“Perhaps there’s less difference than I thought,” he said, his head popping up between my legs as he paused for breath. He pressed my thighs flat against the mattress and grinned up at me, spikes of red hair standing on end like a porcupine’s quills. “Ye do taste a bit salty, come to try it. What do ye—” 

He was interrupted by a sudden bang as the door flew open and rebounded from the wall. Startled, we turned to look. In the doorway stood a young girl I had never seen before. She was perhaps fifteen or sixteen, with long flaxen hair and big blue eyes. The eyes were somewhat bigger than normal, and filled with an expression of horrified shock as she stared at me. Her gaze moved slowly from my tangled hair to my bare breasts, and down the slopes of my naked body, until it encountered Jamie, lying prone between my thighs, white-faced with a shock equal to hers. 

“Daddy!” she said, in tones of total outrage. “Who is that woman?”

- Voyager

Fell Underwater

Soooo, for Day 9, I wrote something that I’ve wanted to write for a while!  It’s a small one-shot drabble of me doing some world-building on an AU I’ve had on the backburner for a while.  It’s pretty much Oceanfell, I suppose, but mine doesn’t really follow any of my standard Oceantale headcanons, so maybe Fell Underwater?  Or Ty’s Oceanfell?

-shrug-

Either way, it’s got pirate skeletons.  

I did quite a bit of world-building before I got to the smut, so I’m going to post all the SFW bits here, with a link to continue reading on Ao3 at the bottom.  Hope you guys enjoy!  It’s the first thing I’ve written with a legitimate AU and AU Sans that’s mine.  


You’d always had terrible luck.

If something could go wrong, it couldn’t just go wrong for you; no, it’d be a disaster.

That’s why you saw it coming. The Raffle occurred every seven years, after all. When you came of age to be put into it, you tried to run – to move away from the coastal city you despised – but they dragged you back, kicking and screaming. Your name had been entered thrice as punishment, but somehow, you miraculously didn’t get pulled.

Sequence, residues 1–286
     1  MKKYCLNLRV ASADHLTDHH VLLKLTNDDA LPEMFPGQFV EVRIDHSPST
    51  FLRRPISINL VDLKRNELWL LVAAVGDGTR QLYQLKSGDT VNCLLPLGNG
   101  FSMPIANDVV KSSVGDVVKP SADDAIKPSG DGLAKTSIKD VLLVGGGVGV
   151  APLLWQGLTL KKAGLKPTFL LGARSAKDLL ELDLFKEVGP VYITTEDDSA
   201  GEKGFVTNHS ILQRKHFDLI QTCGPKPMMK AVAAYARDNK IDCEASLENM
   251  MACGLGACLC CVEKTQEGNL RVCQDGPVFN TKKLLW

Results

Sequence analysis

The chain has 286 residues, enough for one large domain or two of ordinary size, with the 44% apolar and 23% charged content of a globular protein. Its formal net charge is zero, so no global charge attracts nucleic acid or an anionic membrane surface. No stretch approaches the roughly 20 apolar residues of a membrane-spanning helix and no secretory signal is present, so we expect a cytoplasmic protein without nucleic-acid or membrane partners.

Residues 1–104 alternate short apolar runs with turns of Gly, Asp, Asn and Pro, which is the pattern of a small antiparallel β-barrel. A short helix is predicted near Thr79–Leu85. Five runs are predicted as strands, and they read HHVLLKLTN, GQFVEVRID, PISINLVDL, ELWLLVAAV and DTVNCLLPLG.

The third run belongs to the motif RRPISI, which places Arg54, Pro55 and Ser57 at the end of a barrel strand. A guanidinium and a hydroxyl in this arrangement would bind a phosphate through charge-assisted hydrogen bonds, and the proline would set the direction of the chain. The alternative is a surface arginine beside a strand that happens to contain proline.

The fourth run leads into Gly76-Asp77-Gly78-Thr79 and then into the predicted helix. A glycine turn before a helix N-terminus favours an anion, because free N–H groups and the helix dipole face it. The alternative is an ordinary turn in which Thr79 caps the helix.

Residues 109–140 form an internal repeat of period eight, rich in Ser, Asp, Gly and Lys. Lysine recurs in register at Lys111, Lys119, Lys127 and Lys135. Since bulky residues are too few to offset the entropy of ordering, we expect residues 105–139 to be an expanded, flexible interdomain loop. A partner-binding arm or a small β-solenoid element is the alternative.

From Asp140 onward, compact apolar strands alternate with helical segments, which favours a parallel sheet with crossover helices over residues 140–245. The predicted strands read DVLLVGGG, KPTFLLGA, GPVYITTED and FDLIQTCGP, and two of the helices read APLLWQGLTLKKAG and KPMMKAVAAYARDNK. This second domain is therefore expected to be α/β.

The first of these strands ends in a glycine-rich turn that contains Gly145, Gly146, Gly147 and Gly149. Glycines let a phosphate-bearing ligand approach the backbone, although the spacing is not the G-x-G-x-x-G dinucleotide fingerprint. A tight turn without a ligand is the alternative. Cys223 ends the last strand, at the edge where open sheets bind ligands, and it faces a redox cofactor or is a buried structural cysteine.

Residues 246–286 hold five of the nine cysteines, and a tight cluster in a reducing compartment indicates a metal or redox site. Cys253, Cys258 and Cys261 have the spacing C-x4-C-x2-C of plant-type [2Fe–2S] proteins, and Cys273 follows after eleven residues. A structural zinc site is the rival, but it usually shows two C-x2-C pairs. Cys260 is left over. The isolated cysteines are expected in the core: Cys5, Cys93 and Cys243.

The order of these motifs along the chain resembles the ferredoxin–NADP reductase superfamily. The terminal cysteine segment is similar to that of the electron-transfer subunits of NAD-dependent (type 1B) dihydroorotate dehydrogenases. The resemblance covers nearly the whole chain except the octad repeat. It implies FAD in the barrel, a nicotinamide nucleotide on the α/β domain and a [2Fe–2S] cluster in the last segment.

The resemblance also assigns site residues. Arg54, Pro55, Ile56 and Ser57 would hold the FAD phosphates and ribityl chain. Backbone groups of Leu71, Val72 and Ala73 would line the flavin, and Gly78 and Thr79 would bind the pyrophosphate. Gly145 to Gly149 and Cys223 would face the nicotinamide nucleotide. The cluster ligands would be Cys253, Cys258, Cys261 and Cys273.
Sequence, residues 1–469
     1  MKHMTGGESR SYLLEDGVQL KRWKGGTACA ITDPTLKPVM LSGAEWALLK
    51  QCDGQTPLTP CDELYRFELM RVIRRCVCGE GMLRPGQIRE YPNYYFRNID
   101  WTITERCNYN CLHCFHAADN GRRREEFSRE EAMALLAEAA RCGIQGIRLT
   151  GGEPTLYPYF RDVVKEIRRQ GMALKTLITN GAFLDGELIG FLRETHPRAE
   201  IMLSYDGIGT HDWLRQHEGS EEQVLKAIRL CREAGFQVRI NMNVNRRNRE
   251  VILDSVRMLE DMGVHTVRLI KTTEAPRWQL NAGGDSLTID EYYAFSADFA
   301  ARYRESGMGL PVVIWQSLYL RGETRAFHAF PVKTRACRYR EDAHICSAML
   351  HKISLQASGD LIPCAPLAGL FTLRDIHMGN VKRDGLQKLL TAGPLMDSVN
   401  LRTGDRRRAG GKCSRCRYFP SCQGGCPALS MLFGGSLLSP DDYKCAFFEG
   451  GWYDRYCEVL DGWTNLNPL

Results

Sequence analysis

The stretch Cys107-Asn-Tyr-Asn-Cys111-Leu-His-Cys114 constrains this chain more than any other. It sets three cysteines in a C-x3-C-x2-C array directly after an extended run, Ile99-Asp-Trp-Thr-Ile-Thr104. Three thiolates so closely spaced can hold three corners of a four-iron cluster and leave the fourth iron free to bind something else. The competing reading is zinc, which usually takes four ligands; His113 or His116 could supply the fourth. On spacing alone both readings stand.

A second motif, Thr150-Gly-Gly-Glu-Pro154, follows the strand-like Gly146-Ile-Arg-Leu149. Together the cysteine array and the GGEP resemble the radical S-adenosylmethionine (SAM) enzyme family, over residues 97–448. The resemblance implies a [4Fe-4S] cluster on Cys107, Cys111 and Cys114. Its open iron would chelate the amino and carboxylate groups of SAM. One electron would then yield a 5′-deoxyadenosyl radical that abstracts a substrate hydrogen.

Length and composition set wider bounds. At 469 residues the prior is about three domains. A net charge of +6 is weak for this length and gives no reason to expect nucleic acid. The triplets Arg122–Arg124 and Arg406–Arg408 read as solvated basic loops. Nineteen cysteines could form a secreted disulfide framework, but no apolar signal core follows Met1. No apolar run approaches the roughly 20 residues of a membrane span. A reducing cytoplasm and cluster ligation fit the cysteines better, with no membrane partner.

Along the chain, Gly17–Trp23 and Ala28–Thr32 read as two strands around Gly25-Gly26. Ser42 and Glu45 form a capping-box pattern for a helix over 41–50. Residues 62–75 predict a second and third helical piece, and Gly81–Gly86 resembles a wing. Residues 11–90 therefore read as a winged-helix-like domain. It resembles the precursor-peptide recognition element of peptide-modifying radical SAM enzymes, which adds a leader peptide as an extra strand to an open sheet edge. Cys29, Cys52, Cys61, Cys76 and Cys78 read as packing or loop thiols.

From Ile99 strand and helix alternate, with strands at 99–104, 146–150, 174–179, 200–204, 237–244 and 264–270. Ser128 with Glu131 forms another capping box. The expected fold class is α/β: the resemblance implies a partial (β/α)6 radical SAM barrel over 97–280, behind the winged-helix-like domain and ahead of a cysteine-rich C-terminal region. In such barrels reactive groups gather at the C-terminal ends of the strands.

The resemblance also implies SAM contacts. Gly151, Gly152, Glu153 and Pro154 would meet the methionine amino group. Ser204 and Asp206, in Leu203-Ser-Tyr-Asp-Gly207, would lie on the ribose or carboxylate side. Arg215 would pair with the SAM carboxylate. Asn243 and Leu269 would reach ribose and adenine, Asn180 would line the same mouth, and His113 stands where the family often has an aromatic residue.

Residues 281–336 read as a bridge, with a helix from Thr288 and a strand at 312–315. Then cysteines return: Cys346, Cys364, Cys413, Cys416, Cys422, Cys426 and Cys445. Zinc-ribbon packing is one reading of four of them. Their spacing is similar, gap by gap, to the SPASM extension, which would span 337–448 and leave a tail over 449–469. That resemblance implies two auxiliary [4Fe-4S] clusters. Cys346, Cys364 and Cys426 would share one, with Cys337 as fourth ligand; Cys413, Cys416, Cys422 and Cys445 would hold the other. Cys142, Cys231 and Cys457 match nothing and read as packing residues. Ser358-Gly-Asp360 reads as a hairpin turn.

You knew your luck wouldn’t last, however. You knew it, and yet, you weren’t able to leave the city, your infraction pushing back your request until after the next Raffle. And when they called your name that time, along with six others, you weren’t surprised in the slightest. When they forced you to stand along the coastline, dressed in your best attire, you didn’t wail or whine like the others. No, you impassively stood there, glaring at the crashing waves and cursing the fact that you’d been born beneath a terrible omen.

When the pirate ship rose from the depths of the murky water, sporting a Jolly Roger sail and a skull with flashing red eyes affixed to the bow like a demon rising from hell, you sucked in a breath and put on a brave face. When literal skeleton pirates disembarked from their vessel and began examining the sacrifices, trying to pick out which one had the strongest SOUL to power their barrier, you concentrated on keeping your breathing even. One by one, they Confronted the others, calling forth their SOULs despite their frightened cries. You kept staring straight ahead, though you saw flickers of greens and purples and light blues from your peripherals.